Parkinson's drug may cause abnormal behavior
Mirapex is a prescription drug used to combat symptoms of Parkinson's disease such as tremors, slow movement and rigidity. However, Dr. Laura Marsh, a psychiatrist and director of the Mental Health Care Line at the Michael E. DeBakey VA Medical Center in Austin, Texas, says you may need to watch out for abnormal and alarming behavior.
The makers of Mirapex caution the medicine may cause pathological gambling, hypersexuality, compulsive shopping and binge eating.
"Physicians should monitor patients for signs of impulse control disorders," says Lara Crissey, spokeswoman with Boehringer Ingelheim Pharmaceuticals - the makers of Mirapex.
Mirapex is a brand name for the drug pramipexole, a dopamine agonist, that mimics the effects of dopamine in the brain.
"The exact cause [for the compulsive behavior] isn't known," says Marsh, who treats patients with Parkinson's. "There's evidence dopamine agonists play a role in changes in reward pathways in the brain." Marsh says changes in reward pathways - which are responsible for driving feelings of motivation, reward and behavior - manifest differently in each patient.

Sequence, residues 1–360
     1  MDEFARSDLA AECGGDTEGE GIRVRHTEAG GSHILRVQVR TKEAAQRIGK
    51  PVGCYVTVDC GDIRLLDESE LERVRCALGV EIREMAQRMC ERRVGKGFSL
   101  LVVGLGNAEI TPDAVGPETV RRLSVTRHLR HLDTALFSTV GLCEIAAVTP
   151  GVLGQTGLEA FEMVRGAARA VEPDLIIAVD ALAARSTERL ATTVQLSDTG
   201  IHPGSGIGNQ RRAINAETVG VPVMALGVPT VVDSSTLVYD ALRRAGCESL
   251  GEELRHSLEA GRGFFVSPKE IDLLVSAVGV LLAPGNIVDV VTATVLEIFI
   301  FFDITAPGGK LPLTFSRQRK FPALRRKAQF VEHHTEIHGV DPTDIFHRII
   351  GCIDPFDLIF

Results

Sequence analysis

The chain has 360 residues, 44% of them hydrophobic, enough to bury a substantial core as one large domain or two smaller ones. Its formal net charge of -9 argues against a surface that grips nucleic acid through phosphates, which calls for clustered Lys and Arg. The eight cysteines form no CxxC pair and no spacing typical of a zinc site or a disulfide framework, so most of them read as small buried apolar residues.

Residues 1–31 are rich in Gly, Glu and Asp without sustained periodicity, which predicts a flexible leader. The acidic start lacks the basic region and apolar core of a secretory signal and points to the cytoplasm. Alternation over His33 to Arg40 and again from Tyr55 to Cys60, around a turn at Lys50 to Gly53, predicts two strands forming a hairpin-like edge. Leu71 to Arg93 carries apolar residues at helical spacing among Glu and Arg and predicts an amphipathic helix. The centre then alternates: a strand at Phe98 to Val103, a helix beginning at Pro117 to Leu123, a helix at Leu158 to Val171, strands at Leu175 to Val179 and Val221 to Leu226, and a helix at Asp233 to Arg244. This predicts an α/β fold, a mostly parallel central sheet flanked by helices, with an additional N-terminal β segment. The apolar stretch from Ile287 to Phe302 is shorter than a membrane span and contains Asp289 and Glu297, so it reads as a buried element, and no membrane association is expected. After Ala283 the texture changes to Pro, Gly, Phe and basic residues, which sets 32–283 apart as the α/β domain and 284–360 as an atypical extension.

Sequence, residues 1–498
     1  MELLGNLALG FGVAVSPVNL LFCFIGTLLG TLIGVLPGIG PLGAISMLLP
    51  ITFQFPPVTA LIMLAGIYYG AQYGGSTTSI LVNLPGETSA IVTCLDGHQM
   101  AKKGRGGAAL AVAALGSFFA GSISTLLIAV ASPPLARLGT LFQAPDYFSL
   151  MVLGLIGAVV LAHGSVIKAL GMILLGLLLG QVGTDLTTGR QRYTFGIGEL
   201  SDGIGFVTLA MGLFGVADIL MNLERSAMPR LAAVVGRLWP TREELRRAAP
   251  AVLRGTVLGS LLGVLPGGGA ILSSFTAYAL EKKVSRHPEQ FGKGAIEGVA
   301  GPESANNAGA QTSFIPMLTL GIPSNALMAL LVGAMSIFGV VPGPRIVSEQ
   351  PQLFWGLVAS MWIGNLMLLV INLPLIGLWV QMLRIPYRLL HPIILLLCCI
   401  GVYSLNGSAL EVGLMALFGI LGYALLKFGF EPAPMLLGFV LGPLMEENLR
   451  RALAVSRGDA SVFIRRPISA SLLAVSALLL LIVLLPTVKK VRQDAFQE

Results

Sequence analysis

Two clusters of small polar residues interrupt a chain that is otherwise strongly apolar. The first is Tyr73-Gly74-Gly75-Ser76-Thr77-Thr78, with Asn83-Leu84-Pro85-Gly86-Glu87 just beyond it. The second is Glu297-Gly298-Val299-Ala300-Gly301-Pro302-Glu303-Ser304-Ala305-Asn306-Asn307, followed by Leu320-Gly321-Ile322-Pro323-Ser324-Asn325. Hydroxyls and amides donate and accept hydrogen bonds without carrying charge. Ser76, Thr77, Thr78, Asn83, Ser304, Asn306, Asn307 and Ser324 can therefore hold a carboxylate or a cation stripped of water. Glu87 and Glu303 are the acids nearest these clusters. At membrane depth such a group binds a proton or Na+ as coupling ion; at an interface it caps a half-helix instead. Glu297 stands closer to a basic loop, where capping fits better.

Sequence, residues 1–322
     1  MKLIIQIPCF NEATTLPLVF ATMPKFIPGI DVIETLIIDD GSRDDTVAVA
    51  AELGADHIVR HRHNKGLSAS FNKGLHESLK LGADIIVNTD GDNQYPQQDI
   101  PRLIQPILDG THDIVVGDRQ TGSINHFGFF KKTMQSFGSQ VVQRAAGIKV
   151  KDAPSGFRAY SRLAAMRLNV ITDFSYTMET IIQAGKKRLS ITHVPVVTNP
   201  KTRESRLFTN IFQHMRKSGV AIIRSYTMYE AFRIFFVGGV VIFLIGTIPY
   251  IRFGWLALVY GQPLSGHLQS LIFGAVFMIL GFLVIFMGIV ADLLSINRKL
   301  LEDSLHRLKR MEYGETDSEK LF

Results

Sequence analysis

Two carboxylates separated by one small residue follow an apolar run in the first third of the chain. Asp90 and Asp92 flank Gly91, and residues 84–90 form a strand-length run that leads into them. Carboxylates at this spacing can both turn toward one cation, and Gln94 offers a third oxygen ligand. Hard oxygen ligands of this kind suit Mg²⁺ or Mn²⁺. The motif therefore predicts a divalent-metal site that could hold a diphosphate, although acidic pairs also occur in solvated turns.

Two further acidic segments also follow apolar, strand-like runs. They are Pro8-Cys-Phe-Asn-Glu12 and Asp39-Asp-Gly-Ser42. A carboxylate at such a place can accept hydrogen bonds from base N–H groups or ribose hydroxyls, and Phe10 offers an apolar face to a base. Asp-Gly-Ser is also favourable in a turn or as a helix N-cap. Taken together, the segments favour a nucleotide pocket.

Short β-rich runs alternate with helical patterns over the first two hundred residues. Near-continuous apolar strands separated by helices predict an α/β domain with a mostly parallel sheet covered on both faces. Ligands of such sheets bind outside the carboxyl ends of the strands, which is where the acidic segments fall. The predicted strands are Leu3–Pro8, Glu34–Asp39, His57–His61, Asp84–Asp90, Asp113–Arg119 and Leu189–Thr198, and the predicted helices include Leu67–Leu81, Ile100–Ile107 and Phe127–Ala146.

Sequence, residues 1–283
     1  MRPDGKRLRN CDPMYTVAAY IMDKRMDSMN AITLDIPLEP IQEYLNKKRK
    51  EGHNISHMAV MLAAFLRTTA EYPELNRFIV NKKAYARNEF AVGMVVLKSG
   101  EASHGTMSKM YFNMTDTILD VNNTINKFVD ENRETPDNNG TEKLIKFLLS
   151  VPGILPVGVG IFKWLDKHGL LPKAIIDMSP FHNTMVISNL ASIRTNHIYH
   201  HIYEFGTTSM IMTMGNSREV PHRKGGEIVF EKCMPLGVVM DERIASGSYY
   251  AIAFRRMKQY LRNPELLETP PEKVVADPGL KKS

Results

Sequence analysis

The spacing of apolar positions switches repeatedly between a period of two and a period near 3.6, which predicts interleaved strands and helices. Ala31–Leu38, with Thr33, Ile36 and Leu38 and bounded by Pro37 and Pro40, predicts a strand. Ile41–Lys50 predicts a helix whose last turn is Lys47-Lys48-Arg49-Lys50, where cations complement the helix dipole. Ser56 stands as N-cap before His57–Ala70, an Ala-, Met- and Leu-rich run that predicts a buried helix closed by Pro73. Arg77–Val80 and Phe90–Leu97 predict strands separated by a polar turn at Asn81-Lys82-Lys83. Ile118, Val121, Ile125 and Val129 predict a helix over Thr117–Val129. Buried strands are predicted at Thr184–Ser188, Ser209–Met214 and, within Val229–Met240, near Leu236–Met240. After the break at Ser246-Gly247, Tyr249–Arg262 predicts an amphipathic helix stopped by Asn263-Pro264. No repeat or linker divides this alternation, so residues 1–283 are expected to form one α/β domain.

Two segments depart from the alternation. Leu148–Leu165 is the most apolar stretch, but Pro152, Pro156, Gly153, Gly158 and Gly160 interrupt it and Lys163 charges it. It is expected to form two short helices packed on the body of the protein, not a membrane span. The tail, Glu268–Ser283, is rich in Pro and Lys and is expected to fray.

Marsh adds compulsive behaviors can occur with any Parkinson's treatment, but says there's a higher rate of instances, an estimated 15 percent, when pramipexole is used.
"It can be tricky to notice because the patient may attempt to conceal the behavior," Marsh says. "Once it's apparent, you should contact the clinician who prescribed the medication immediately."